As key directors of intracellular trafficking, phosphotidylinsotides (PIs) are a family of low abundance lipids that impact almost every process within the eukaryotic cell. The low-density lipoprotein receptor (LDLR), a major determinant of blood LDL levels, is the most efficacious therapeutic target for the prevention of cardiovascular disease. Upon LDL binding, LDLR at the cell surface is internalized, where it releases the bound LDL and then recycles back to the cell surface or is directed to the lysosome for degradation. Recently, we found that knock- down of transmembrane protein 55B (TMEM55B), a phosphatidylinositol (4,5) bisphosphate [PI(4,5)P] phosphatase, stimulated decay of LDLR protein in cells and raised plasma LDLC in mice. Since PI(4,5)P is involved in lysosome formation, we hypothesize that PI(4,5)P phosphatases (such as TMEM55B) may alter LDLC by regulating LDLR intracellular trafficking. We also found that reduction of PI(4,5)P phosphatases caused severely impaired secretion of triglycerides into plasma. Notably, this occurred without the accumulation of liver fat, and interestingly, was observed only in male mice, with no effect in females. The lack of hepatic fat accumulation may be attributed to a number of different mechanisms including increased lipophagy (a process of selective autophagy in which lipid droplets are targeted for lysosomal decay). PI(4,5)P is an important regulator of lysosome reformation after autophagosome fusion, and we found that TMEM55B knock-down increased lysosomes. These findings suggest that PI(4,5)P phosphatases may modulate hepatic TG secretion and storage through a lysosome-dependent mechanism. Thus, the overall objective of this proposal is to evaluate the role of PI(4,5)P in LDLR recycling and TG secretion.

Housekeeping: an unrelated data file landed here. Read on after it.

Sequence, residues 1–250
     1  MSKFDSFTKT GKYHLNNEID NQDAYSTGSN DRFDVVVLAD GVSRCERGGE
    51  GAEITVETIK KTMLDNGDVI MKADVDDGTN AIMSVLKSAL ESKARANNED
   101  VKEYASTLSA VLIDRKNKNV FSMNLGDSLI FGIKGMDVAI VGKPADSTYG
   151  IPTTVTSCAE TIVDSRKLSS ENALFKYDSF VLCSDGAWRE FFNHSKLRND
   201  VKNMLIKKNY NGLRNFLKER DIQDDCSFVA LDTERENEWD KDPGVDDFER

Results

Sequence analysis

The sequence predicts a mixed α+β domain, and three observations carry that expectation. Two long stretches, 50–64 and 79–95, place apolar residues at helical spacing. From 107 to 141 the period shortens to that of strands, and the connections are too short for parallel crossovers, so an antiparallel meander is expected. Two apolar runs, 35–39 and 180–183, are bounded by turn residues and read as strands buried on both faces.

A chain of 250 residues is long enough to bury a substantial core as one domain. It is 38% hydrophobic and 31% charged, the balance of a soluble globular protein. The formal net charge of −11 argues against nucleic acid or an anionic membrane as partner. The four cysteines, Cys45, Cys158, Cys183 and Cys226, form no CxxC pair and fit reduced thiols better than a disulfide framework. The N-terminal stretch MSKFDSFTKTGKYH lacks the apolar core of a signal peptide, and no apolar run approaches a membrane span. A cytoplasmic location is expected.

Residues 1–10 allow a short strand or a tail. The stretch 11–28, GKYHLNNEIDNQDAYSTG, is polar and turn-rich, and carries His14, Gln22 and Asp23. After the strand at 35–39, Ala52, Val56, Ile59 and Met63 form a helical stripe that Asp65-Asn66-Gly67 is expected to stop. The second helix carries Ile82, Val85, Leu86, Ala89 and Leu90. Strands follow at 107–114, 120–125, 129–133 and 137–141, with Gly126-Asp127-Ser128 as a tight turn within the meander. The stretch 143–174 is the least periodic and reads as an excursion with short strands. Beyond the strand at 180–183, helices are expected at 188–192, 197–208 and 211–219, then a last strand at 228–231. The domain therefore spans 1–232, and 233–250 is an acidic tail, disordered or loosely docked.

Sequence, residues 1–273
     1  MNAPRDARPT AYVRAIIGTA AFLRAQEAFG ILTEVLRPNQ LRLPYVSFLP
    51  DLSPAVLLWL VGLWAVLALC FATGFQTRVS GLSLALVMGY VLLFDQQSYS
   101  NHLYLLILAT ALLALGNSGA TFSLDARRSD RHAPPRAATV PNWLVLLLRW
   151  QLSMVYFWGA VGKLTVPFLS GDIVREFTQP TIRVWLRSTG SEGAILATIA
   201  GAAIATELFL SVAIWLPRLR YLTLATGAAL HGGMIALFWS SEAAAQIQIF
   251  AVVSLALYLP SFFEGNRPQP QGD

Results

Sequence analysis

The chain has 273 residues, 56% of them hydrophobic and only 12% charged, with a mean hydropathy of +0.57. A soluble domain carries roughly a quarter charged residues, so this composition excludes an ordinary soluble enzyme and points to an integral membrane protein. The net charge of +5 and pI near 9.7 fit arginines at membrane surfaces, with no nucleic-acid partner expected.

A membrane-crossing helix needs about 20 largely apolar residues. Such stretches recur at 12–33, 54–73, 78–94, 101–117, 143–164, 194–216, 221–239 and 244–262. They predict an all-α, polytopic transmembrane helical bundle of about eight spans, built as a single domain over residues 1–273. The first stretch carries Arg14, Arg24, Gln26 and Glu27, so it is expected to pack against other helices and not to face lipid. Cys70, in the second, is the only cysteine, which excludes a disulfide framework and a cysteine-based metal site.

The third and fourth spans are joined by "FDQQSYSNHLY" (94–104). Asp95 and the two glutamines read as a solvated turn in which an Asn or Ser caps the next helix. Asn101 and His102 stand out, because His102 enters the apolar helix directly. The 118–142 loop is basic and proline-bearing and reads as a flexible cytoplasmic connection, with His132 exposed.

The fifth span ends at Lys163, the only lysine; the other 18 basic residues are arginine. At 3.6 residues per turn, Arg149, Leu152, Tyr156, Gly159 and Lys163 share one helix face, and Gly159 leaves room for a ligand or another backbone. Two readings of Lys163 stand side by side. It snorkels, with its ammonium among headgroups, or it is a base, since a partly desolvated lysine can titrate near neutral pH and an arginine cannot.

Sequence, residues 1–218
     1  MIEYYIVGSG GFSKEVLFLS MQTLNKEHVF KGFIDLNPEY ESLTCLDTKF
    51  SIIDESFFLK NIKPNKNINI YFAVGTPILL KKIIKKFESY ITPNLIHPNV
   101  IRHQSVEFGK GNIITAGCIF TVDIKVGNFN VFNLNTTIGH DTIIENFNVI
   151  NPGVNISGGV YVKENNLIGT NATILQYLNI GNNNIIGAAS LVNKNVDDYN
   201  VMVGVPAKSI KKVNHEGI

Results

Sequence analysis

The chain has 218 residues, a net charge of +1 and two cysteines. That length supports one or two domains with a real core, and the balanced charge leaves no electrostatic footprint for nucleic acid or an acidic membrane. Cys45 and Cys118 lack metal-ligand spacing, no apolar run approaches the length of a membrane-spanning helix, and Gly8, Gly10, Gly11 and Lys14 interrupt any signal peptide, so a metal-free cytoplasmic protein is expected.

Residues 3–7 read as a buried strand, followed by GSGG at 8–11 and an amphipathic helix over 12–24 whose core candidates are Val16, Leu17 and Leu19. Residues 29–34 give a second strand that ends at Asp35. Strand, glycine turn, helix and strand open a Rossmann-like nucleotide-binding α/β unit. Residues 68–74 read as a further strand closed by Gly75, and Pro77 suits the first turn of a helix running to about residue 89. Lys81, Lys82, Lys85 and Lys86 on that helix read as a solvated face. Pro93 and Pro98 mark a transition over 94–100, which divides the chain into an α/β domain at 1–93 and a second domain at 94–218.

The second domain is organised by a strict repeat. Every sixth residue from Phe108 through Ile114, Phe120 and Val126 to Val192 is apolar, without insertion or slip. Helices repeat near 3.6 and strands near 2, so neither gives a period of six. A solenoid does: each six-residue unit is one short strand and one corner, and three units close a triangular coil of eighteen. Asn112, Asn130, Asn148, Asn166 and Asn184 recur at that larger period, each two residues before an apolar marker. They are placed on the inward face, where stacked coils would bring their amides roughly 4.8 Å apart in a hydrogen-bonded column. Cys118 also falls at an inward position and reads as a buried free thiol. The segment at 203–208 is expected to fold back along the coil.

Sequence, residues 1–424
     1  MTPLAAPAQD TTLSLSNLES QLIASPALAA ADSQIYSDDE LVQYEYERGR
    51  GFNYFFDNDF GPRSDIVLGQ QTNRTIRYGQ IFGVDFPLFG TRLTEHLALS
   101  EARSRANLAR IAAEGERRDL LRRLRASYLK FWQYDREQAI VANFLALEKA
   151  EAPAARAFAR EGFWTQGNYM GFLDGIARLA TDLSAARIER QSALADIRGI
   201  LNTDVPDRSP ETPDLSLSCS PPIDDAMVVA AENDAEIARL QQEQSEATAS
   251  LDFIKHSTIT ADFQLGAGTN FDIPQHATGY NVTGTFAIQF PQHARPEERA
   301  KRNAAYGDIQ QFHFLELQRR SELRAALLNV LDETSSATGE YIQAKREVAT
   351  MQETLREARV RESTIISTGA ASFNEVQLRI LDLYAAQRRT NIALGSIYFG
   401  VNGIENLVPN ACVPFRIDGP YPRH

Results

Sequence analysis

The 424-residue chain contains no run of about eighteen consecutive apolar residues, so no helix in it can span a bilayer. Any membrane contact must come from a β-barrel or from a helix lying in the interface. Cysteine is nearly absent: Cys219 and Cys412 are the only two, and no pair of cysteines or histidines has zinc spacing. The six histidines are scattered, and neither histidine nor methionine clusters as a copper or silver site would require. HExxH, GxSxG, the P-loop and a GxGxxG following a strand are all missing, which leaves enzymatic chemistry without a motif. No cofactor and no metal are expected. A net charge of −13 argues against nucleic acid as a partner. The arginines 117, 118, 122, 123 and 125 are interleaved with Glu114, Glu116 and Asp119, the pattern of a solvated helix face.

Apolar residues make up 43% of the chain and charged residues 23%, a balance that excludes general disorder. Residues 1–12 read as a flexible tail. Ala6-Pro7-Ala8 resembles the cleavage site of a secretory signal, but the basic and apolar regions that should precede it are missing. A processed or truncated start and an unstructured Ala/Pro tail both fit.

In Aim 1 we will i) Test if PI(4,5)P metabolizing enzymes impact plasma LDL in the absence of LDLR using genetically modified mouse models; ii) Evaluate the effect of modifying PI(4,5)P on Ldlr intracellular levels and localization in mouse hepatocytes; iii) Test if expression of enzymatically inactive Tmem55b rescues the phenotypes observed in the Tmem55b knockout mouse; and iv) Evaluate if PI(4,5)P phosphatase regulation of LDLR recycling is dependent on known regulators of LDLR decay.
In Aim 2 we will i) Compare TG secretion in whole body versus liver-specific Tmem55b knockout male mice to confirm that the defect is a hepatic mechanism; ii) Test if lack of hepatic fat accumulation, as would be expected to result from impaired TG secretion, in hepatocytes from Tmem55b knockout mice is due to changes in fatty acid oxidation, synthesis, or uptake, or TG synthesis; iii) Determine PI(4,5)P phosphatases depend on lysosome and/or autophagosomes to impair TG secretion; and iv) Evaluate if the sex-specific effect of PI(4,5)P modulation of TG secretion is due to the sex chromosome complement (XX vs. XY) and/or gonadal hormones. Investigation of the role of PI(4,5)P in lipid and lipoprotein metabolism may lead to the development of new therapeutic options for reducing cardiometabolic disease risk.

Public Health Relevance

The overall goal of this proposal is to use cellular and animal models to investigate a new pathway that regulates levels of circulating cholesterol and of liver triglycerides. Elevated plasma cholesterol and accumulation of liver fat are major risk factors for heart disease and non-alcoholic fatty liver disease, two metabolic disorders that impact a significant number of Americans. !

Agency
National Institute of Health (NIH)
Institute
National Heart, Lung, and Blood Institute (NHLBI)
Type
Research Project (R01)
Project #
5R01HL139902-02
Application #
9624815
Study Section
Integrative Nutrition and Metabolic Processes Study Section (INMP)
Program Officer
Liu, Lijuan
Project Start
2018-01-15
Project End
2021-11-30
Budget Start
2018-12-01
Budget End
2019-11-30
Support Year
2
Fiscal Year
2019
Total Cost
Indirect Cost
Name
Children's Hospital & Res Ctr at Oakland
Department
Type
DUNS #
076536184
City
Oakland
State
CA
Country
United States
Zip Code
94609